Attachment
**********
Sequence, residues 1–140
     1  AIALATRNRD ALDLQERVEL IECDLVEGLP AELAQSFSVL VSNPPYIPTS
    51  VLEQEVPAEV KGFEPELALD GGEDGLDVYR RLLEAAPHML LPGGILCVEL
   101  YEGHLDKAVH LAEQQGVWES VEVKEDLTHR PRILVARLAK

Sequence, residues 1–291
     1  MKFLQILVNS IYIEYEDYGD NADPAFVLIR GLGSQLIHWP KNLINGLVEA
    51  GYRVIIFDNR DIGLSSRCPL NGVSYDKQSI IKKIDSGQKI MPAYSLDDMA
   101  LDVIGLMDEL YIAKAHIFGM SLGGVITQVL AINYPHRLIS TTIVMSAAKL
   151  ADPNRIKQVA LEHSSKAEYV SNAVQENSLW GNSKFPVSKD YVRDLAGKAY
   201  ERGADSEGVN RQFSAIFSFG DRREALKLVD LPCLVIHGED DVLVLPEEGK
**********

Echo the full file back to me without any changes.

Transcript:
Sequence, residues 1–140
     1  AIALATRNRD ALDLQERVEL IECDLVEGLP AELAQSFSVL VSNPPYIPTS
    51  VLEQEVPAEV KGFEPELALD GGEDGLDVYR RLLEAAPHML LPGGILCVEL
   101  YEGHLDKAVH LAEQQGVWES VEVKEDLTHR PRILVARLAK

Sequence, residues 1–291
     1  MKFLQILVNS IYIEYEDYGD NADPAFVLIR GLGSQLIHWP KNLINGLVEA
    51  GYRVIIFDNR DIGLSSRCPL NGVSYDKQSI IKKIDSGQKI MPAYSLDDMA
   101  LDVIGLMDEL YIAKAHIFGM SLGGVITQVL AINYPHRLIS TTIVMSAAKL
   151  ADPNRIKQVA LEHSSKAEYV SNAVQENSLW GNSKFPVSKD YVRDLAGKAY
   201  ERGADSEGVN RQFSAIFSFG DRREALKLVD LPCLVIHGED DVLVLPEEGK